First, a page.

George Washington Papers

From George Washington to Thomas Wharton, Jr., 13 September 1777

To Thomas Wharton, Jr.

Head Quarters [Germantown, Pa.], Sept. 13. 1777.


I must request you would immediately give some publick notice to the inhabitants of the City not to entertain or harbour the soldiers in their houses. And in order to oblige those, who have straggled into town, to join their respective corps, they are to deliver them up to the patroles, which will pass thro’ the town, in order to collect all stragglers & in case of refusal, to turn out, the inhabitants are desired to give notice of them to the patroles. The necessity & interest of the service, as well as the peace & good order of the City will, I hope, ensure a ready compliance with this request and a strict attention to it on the part of the inhabitants.1 I am Sir, your most obed. & very hbbl. servt

Go. Washington

Transcript, MH: Jared Sparks Collection.

1Wharton replied later on this date: “I had the Honor to receive your Excellys Letter a few minutes since, and immediately gave orders to the Town Major to attend to the subject of it. You may depend that Council will give every assistance in their power in the business you are pleased to recommend, being perfectly convinced of the necessity for every soldier instantly to Joyn the Army” (DLC:GW).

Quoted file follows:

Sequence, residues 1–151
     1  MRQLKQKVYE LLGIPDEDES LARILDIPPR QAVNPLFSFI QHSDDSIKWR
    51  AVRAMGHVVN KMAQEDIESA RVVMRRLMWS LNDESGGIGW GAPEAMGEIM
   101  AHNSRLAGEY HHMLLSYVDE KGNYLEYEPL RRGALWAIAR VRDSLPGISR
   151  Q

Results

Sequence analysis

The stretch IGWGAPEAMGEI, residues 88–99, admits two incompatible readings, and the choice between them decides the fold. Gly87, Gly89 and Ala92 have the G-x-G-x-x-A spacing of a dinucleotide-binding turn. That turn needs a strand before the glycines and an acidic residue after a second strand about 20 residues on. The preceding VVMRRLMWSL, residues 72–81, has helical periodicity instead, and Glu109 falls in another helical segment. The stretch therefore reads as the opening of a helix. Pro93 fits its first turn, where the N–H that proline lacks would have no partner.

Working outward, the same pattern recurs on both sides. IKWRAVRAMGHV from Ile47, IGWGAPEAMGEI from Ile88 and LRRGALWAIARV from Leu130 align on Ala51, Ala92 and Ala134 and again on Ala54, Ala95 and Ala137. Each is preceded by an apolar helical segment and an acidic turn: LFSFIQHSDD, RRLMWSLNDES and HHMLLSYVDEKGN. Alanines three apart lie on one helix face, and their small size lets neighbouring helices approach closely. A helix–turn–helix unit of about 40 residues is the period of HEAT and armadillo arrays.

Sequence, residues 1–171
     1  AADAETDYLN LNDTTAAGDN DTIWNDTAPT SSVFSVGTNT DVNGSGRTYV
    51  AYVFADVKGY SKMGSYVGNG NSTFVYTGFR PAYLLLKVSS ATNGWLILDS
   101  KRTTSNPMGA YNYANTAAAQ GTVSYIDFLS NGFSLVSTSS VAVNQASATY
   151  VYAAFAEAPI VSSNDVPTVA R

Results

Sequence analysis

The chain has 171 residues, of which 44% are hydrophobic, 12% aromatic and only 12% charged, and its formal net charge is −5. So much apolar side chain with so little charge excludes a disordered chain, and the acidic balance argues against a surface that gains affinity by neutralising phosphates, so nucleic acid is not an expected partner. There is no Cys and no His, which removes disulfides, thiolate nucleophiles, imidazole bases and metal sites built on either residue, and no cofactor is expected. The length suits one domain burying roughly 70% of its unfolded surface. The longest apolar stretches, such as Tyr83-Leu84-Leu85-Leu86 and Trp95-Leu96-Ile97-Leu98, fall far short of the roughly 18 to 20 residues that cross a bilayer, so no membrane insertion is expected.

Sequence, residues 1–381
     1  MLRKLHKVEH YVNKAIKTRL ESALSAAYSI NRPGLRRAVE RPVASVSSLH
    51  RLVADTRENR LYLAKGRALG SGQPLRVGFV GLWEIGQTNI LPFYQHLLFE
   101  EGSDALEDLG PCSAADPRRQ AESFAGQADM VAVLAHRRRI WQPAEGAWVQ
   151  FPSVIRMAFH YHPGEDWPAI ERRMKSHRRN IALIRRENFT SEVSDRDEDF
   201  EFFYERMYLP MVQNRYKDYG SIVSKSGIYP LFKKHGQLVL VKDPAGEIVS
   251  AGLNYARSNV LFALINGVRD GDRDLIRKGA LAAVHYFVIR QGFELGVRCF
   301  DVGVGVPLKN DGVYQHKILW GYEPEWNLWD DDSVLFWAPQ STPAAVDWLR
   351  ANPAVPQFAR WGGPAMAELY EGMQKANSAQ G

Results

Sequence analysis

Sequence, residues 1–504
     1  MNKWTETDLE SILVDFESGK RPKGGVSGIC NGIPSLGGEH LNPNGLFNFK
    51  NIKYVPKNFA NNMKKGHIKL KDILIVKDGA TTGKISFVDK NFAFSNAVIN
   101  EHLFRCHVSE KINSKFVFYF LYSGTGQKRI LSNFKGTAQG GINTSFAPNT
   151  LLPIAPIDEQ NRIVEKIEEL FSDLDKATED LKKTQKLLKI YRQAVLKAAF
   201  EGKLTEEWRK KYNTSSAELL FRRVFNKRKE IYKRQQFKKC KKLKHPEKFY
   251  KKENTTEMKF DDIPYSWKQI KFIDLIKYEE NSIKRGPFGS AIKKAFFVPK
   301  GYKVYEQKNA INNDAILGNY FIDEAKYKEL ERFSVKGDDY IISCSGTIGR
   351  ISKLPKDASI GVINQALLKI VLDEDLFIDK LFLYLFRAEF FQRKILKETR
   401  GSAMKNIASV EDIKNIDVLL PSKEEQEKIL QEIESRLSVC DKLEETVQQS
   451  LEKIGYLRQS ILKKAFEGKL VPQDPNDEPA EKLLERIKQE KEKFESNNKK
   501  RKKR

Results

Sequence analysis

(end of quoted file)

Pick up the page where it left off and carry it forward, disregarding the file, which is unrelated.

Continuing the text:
The supreme executive council’s letter of this date to the town major, Col. Lewis Nicola, reads: “As the good of the service at this important Crisis, requires that all possible attention should be given to his Excellency’s requisition, Council hereby recommend to & order you to take the most effectual measures to publish to the inhabitants of the City & Suburbs, by beat of Drum the foregoing, to the end that none may plead ignorance; all who shall entertain, harbour or conceal any soldiers of the Continental Army, whether regulars or Militia or other persons connected with the army, will be prosecuted with the utmost severity according to Law” (Pa. Archives description begins Samuel Hazard et al., eds. Pennsylvania Archives. 9 ser., 138 vols. Philadelphia and Harrisburg, 1852–1949. description ends , 1st ser., 5:619–20).

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